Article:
With just a little care and maintenance, your kitty could have the coveted grin of the Cheshire Cat in "Alice's Adventures in Wonderland." But it's like pulling teeth to get Kitty to brush after every meal. Without an annual checkup, including a dental check, tooth problems can go unnoticed.
What Went Wrong?
There are several reasons why your vet may have recommended a tooth extraction. Sometimes a dental disease is so severe that treating it is necessary to avoid chronic pain. Common issues with a cat's teeth include defects in the tooth enamel or fractures in the tooth structure. Problems with the jaw can lead to inflammation of the pulp of the affected teeth, or there can be an abscess in the making. When your vet sees your cat annually, or biannually for geriatric cats, she may see something in your cat's mouth you hadn't noticed. Cats are very good at hiding their pain, so your cat could potentially have a sore tooth but continue to eat as if nothing were wrong.
The decision to extract a tooth rather than try to save it is based on a number of factors, and your vet can determine which treatment plan is best for your kitty. A pussycat full of plaque can be a pathetic pussycat indeed. Most likely, your vet will recommend a dental cleaning and, while the cat is under anesthesia, be able to give the inside of your cat's mouth a thorough exam. So your vet may not be able to tell you if a specific tooth needs to be extracted until he has taken an unobstructed look at the tooth in question. If there is swelling and redness on the gums surrounding the affected tooth, it may be just a matter of cleaning the plaque and addressing any possible infection. Conversely, your vet may decide extraction is the best way to treat the problem.
Once your cat is safely under the influence of some sweet sleeping serum, your vet can get on with the procedure at hand. She will look for signs of calculus buildup on one side of the mouth, a clear indication that the cat is deliberately eating on one side to avoid pain on the other. The presence of this telltale sign indicates how far the problem has progressed. The vet will create an opening at the extraction site using a scalpel, then employ a high-speed dental drill to expose the roots. Extraction tools are used to remove the tooth. The socket is cleaned, sanitized and stitched. X-rays may be taken at any time during the procedure.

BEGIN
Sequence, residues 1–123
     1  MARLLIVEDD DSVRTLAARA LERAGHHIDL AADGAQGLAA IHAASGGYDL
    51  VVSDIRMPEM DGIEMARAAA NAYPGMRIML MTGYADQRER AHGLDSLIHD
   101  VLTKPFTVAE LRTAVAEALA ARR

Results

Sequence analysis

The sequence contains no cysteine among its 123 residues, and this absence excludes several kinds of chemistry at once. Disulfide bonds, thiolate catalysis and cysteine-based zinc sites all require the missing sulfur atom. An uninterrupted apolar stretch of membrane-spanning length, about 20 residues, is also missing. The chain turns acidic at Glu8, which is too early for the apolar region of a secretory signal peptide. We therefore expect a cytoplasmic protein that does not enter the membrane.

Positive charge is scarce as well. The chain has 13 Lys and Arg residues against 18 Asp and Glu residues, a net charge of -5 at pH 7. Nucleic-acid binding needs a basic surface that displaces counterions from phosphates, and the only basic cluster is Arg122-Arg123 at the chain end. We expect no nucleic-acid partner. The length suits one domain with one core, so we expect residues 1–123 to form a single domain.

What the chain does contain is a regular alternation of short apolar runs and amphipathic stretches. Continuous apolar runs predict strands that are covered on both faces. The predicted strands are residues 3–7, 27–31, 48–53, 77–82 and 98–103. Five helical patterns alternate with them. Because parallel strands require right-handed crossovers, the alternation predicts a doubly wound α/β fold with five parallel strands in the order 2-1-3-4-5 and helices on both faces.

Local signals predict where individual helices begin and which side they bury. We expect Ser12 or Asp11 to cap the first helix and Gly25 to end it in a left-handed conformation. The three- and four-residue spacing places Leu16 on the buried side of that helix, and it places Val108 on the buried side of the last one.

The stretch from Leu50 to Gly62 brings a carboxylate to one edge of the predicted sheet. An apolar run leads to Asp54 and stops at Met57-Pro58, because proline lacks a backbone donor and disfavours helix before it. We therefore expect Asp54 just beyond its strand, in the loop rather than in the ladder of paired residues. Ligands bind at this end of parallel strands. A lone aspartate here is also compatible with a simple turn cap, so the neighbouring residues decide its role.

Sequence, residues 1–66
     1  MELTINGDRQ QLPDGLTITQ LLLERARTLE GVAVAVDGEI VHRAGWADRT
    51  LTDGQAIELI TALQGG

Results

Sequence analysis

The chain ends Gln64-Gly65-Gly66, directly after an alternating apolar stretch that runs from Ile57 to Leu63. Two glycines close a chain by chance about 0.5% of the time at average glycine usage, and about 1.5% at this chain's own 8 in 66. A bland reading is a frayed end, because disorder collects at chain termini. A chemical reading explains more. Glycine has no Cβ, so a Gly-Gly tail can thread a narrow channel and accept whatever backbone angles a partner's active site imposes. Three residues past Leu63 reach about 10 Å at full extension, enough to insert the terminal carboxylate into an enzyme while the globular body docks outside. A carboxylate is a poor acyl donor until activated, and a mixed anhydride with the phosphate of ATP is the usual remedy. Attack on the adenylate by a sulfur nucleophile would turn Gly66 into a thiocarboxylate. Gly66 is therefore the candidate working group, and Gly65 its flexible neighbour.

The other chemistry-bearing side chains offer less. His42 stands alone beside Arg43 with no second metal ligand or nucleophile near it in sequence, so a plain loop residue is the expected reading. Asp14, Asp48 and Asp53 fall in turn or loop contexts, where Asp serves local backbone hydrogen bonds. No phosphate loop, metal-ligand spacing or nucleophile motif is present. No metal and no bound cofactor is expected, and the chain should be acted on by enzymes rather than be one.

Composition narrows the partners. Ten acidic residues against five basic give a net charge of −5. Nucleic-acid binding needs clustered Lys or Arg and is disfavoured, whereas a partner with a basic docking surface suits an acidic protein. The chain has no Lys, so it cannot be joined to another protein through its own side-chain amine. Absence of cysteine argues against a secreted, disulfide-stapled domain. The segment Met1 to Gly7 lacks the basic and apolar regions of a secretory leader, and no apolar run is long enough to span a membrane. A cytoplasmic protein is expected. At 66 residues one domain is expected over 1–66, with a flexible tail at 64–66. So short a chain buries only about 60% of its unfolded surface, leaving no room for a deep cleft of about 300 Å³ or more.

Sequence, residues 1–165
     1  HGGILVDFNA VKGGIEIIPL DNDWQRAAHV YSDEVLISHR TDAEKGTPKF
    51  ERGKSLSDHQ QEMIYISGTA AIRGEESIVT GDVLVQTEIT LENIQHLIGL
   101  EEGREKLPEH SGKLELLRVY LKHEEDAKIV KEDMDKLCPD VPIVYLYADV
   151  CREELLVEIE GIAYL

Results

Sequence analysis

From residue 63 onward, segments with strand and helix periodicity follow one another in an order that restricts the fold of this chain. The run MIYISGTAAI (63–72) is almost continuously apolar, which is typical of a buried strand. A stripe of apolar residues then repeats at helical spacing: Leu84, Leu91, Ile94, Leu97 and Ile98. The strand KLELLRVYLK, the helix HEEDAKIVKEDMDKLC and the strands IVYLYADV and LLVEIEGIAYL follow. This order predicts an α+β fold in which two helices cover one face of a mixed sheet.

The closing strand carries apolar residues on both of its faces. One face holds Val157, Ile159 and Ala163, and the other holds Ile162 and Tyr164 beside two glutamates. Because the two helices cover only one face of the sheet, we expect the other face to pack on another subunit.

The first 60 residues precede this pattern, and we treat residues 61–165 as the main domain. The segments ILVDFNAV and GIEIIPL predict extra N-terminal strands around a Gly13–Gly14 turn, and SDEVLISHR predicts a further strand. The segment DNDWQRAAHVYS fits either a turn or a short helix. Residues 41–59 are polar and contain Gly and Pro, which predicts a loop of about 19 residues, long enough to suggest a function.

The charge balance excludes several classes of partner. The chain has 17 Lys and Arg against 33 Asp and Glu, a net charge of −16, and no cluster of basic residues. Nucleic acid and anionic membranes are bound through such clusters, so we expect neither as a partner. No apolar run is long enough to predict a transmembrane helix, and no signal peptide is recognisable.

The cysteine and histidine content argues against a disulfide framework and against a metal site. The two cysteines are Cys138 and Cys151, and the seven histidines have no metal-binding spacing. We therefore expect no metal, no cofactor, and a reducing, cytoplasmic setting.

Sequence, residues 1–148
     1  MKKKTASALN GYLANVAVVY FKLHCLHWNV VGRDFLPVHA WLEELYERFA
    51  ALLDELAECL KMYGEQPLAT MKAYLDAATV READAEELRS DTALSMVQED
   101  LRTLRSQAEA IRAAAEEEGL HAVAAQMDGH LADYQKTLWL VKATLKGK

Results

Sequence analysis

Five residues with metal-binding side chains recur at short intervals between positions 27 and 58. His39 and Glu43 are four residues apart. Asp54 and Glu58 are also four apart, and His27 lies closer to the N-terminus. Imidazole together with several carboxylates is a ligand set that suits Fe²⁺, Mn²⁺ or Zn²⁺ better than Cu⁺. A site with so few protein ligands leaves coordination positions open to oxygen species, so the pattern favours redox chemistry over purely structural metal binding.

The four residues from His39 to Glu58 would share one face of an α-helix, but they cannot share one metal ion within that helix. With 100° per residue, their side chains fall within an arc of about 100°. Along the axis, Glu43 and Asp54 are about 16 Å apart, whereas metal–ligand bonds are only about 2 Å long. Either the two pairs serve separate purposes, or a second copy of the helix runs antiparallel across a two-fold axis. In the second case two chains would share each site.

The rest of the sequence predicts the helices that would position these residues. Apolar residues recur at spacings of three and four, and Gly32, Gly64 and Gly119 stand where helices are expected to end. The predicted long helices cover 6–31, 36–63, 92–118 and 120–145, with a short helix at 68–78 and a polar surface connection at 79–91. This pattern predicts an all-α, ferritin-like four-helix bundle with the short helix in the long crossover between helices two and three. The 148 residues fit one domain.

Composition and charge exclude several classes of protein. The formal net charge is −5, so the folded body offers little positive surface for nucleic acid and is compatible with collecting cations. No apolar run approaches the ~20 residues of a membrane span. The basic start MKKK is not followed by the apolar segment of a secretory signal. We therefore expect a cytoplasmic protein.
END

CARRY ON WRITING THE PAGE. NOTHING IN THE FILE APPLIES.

Who's Your Vet?
For routine dental cleanings, your regular vet is more than capable of handling the job. If an extraction or other dental surgery is indicated, however, it's best to choose a vet who has been board certified by the American Veterinary Dental College. These vets have furthered their basic education to include specializing in dental problems. Ask if the vet will be performing the procedure or if most of the work will be done by a tech. Discuss potential complications that may arise during or after the procedure, and make sure you understand your post-op instructions.
Always check with your veterinarian before changing your pet’s diet, medication, or physical activity routines. This information is not a substitute for a vet’s opinion.
Michelle A. Rivera is the author of many books and articles. She attended the University of Missouri Animal Cruelty School and is certified with the Florida Animal Control Association. She is the executive director of her own nonprofit, Animals 101, Inc. Rivera is an animal-assisted therapist, humane educator, former shelter manager, rescue volunteer coordinator, dog trainer and veterinary technician.